Overview

More than 90 percent of global trade is transported by sea, and each year transfers of up to 12 billion tonnes of ballast water take place around the world because of this. Ballast water is used to maintain the stability and trim of vessels, and to ensure their structural integrity. It is typically pumped in as cargo is unloaded and discharged as cargo is being placed on board.

Ballast water that is taken on in one ecological zone and discharged into another can introduce invasive (i.e.: non-native) aquatic organisms that can have a big detrimental impact on the local biodiversity, economy and even the health of local communities.

Bio invasion is one of the four greatest threats facing the world’s oceans today, alongside land-based sources of marine pollution, the overexploitation of living marine resources and the physical alteration and destruction of marine habitats.

The proper treatment of ballast water, as required by the IMO and the relevant authorities in the USA, actively removes, kills or neutralises organisms prior to discharge. Ballast water treatment differs from the older conventional process of ballast water exchange, which involves completely flushing the ballast water tanks while underway.

The proper treatment of ballast water, as required by the IMO and the USA authorities, actively removes, kills and/or neutralises organisms prior to discharge.

BWT REGULATIONS

General Regulations

The USA began enforcing its ballast water regulations through the US Coastguard (USCG) in June 2012. The IMO’s Ballast Water Management Convention will come into full effect on the 8th of September 2017. In addition, a few other national bodies introduced special regulations in response to their unique concerns.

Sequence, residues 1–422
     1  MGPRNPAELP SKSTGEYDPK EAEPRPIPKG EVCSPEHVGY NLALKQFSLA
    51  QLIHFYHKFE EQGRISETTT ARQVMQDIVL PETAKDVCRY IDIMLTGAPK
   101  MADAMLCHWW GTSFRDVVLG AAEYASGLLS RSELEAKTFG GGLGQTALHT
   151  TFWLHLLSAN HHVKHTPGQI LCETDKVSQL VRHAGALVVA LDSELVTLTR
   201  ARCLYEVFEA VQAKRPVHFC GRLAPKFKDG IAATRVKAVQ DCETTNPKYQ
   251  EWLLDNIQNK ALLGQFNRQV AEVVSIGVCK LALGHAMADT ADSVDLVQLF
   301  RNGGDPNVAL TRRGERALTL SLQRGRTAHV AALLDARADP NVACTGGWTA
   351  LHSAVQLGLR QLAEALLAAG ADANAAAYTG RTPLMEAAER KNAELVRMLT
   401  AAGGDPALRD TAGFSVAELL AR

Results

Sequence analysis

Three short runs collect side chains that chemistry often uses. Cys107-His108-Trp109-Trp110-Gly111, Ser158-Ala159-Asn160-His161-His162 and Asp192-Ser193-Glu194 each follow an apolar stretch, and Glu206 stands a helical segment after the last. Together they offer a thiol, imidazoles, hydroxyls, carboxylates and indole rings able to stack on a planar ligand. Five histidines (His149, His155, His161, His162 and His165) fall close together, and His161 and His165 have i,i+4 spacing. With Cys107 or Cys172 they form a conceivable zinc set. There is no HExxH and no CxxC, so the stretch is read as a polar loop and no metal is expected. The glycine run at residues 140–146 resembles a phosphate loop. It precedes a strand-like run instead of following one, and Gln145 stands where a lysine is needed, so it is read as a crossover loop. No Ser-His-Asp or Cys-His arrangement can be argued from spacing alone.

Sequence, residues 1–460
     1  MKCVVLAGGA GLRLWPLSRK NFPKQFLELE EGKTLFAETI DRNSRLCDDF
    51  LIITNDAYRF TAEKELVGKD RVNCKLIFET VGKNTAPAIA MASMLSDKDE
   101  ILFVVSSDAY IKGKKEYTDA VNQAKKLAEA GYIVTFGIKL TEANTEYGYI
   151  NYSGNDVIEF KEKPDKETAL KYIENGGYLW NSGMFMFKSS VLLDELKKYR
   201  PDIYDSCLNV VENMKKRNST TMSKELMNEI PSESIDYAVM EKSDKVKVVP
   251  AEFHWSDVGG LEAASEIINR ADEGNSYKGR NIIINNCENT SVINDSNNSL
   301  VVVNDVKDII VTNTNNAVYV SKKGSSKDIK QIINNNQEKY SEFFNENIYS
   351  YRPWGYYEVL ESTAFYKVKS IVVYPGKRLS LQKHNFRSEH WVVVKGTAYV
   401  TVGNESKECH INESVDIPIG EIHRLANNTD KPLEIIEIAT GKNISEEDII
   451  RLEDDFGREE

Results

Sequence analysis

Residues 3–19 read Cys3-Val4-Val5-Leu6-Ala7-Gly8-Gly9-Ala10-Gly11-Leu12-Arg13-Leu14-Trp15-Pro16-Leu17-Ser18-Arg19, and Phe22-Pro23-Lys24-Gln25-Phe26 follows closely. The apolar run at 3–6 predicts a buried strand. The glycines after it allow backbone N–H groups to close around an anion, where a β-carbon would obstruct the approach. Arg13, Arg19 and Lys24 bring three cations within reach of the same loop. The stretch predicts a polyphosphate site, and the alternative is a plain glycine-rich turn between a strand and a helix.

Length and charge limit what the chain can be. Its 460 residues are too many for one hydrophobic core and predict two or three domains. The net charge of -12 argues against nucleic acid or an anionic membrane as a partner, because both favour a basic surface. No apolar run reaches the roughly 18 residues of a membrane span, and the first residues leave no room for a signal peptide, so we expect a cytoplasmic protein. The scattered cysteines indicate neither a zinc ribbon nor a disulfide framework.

When the IMO Convention comes into effect on the 8th of September 2017, all ships trading in international waters will be required to manage their ballast water on every voyage by exchanging it according to the so-called D-1 standard set out in the IMO convention. After a ship’s first IOPP-certificate renewal-survey after the 8th of September 2017, treatment (rather than exchange) is mandatory. Treatment is specified in the D-2 standard of the IMO’s Ballast Water Management Convention and must be carried out by certified equipment.

Under the IMO regulations, some 60,000 vessels are going to need ballast water treatment solutions in the short-term. Most of these vessels are expected to comply by installing a fixed ballast water treatment system on board.

IMO Ballast Water Management Convention

The IMO adopted the Ballast Water Management Convention in February 2004. It was set to enter into force 12 months after ratification by thirty nations that together represent 35% or more of the world’s total merchant shipping tonnage. This date is now known: Friday the 8th of September 2017.

The Convention requires that ballast water must be treated - to specify D2 standards - before it is discharged. All vessels built before the date of entry into force of the BWMC, must install a Type Approved system at the first renewal of the IOPP certificate.

USCG ballast water discharge standards and the USEPA Vessel General Permit (VGP)

Vessels sailing in U.S. waters will be required to comply with USCG ballast water discharge standards and the USEPA Vessel General Permit (VGP), in addition to State ballast water regulations.

The USCG’s final rule is a ballast water discharge standard which is essentially the same as that adopted by the IMO in 2004. In addition, the USEPA 2013 Vessel General Permit has adopted numeric limits within the permit that also align with the USCG rule.

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